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Cats seem to know all the answers, even though they are lousy at sharing their knowledge with their owners. But despite dogs, who are all over you all the time, a cat is a silent and mature listener. It can always feel your anxieties, have no doubt about that, but just like humans, they have different and personal ways of reacting to them. Don’t take it personally if they go to the other room whenever you are sad or angry, it’s just their way of letting you know you definitely need some time alone to cool down and realise you are miserable out of useless reasons. Or they just might feel endangered by your hysterical mood. Keep calm and confide in the cat.

2.     Cats love plants

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 No one is more aware of your house and garden plants more than your cat is. Because they are so skilful jumpers, the only way to keep your cat away from your plants is to lock the cat up rather than the plants.  Nevertheless if your cat is one of the passive plant destroyers, consider yourself lucky. They just love to blend in with any kind of flowers and eat most of their leaves. As a young adult however, one has less time to think about taking care of houseplants. That’s why your cat is always there to remind you of their existence, of their needing to be cut, watered, or cleaned. It would do all these things for you if it could. Unfortunately their claws are not always the best gardening tool.

3.     Cats are the best bug spray on the market 

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There’s no such thing as a house without strange, tiny and sometimes disgusting predators. Ignoring the fact that mice might belong to this category in anyone’s case, I’d like to underline the fact that cats excel in other catching domains as well. Hopefully since you don’t have mice to worry about in your home, I’m pleased to inform you that a cat is capable of catching any other flying or crawling visitor. Their patience and velocity are extra-terrestrial. Not to mention the fact that a fly is better than any toy you can find at the pet shop. So leave your windows open from time to time; such a victory would boost your cat’s self-esteem and offer you a priceless performance.

4.     Cats are the best therapists

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In The Cat Behavior Answer Book (Storey Publishing, 2007), author Arden Moore talks about the power of purring. Apparently cats create purr vibrations within a range known to be medically therapeutic (25-150 Hz). This frequency is therapeutic for things such as: boosting self-esteem, bone growth and healing, pain relief, swelling reduction, wound healing, muscle growth and repair, tendon repair, joint mobility and dyspnea (shortness of breath) relief. You can read more on purring here.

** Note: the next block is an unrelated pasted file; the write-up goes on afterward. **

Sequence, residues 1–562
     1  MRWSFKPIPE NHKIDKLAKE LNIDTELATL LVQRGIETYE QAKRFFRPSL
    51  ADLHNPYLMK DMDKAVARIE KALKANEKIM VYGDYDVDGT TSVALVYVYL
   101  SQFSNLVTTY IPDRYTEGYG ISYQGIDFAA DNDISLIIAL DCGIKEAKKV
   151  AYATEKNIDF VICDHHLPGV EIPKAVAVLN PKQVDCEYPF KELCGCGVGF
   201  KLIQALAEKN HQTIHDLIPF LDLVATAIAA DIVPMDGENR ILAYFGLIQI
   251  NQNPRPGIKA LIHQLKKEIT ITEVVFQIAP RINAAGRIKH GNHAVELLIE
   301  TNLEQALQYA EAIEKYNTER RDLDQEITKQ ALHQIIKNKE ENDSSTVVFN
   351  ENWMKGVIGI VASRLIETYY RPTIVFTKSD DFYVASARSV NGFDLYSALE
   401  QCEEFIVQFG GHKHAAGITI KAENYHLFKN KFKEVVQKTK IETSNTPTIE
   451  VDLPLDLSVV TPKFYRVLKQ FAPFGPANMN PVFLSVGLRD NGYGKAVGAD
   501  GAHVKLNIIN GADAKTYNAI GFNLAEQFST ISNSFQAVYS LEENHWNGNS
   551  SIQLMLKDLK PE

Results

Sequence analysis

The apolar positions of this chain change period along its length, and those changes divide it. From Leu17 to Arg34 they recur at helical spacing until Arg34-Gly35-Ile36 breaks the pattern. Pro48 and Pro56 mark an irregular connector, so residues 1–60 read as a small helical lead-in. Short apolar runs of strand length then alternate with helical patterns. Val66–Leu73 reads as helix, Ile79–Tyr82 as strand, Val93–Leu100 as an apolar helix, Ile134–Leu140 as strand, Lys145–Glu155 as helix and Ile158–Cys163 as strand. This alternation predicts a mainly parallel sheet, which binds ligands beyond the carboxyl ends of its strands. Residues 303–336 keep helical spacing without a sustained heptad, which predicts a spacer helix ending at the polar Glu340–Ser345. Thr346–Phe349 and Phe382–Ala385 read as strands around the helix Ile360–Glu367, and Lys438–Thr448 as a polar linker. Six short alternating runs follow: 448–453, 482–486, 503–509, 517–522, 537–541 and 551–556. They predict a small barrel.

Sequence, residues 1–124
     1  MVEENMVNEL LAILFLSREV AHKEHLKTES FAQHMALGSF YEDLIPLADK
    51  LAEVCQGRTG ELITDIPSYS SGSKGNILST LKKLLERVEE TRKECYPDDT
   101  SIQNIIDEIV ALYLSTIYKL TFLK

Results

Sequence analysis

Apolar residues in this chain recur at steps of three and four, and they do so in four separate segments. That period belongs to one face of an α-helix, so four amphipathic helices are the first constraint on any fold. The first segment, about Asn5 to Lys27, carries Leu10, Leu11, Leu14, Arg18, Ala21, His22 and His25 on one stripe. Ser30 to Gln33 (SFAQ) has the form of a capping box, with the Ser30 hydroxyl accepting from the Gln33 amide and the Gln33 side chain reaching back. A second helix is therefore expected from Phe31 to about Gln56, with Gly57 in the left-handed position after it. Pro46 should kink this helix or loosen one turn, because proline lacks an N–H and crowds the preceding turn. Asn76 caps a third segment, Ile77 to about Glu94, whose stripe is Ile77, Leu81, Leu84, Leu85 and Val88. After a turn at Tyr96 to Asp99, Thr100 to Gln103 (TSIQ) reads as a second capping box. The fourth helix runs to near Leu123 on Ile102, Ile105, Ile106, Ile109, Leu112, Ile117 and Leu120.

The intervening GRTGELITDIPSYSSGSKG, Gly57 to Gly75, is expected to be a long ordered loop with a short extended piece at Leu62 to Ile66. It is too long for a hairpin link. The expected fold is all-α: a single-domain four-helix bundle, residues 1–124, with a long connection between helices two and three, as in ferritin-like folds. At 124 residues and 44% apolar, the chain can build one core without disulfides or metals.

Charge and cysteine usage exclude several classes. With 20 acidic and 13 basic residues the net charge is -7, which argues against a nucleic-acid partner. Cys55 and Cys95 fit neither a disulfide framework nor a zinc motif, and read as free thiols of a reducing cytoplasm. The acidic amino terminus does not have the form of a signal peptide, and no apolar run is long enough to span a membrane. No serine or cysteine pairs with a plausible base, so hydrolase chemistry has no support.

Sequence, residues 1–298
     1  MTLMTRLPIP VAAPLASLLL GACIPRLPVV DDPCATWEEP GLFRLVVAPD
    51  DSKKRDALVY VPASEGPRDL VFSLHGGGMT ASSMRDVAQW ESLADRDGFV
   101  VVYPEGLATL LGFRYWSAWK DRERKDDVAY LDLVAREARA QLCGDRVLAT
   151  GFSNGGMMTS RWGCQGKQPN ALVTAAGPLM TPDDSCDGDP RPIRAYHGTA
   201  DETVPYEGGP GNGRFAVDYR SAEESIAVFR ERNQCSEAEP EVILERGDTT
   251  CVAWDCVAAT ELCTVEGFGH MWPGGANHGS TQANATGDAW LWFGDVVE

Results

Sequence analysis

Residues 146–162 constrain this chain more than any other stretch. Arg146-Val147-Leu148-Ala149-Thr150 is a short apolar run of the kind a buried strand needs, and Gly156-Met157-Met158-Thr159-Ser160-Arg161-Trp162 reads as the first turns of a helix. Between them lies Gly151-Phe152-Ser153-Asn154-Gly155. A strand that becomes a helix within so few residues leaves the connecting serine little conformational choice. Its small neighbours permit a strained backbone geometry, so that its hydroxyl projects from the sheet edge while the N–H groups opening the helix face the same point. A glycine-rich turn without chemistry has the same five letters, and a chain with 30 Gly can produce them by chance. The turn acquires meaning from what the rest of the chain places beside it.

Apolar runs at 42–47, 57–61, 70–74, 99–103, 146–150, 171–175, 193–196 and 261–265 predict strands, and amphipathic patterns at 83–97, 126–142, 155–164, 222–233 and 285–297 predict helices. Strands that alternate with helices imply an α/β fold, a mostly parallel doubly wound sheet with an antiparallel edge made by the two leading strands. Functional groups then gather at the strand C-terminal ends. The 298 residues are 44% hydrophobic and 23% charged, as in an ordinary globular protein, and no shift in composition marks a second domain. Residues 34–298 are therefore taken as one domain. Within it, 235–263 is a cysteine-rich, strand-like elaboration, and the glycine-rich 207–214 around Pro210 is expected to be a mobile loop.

5.     Cats absorb and clean bad energies from your home

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Cats are very sensitive to their environment. And they perceive more about it than we do. It is said that they can sense and distinguish between positive and negative energies, also known as Yin and Yang in Chinese tradition. Yin is the receptive, feminine, cooler, negative energy and Yang is the positive, hot, projective energy. So when a cat goes to a certain regular spot to sleep in your house, they are actually absorbing the negative energy from that spot. You can read more on this subject here.

6.     Cats are the best “say no to addiction” tools

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Cats are strangely drawn to our laptops or computers. Whenever this heating machine with buttons takes more of your attention than it considers necessary, any sane cat will just brutally step on you, head towards your device and start resting on the keyboard, thus making sure to hit the exact button that makes all your 6-hour work vanish into thin air. The good thing about this typical cat deed is the fact that you’ll never get hooked on Facebook or Twitter more than necessary. A cat is a “say no to addiction” tool, as it can unconditionally warn you about any bad habit you may have, even if this involves eating too much (it will start bugging you right away, and trust me, not out of sheer curiosity), smoking too much (a wise cat will always decide to rest in your lap looking for affection at the exact moment when you have your lighter in one hand and the cigarette in the other), and last but not least, it bears down any cleaning obsessions you may have, no matter if this passion of yours involves the broom, the mop or a plain dusting around the house. On the other hand, when it comes to the vacuum cleaner, it instantly vanishes, reminding you of the times before the two of you became faithful neighbours.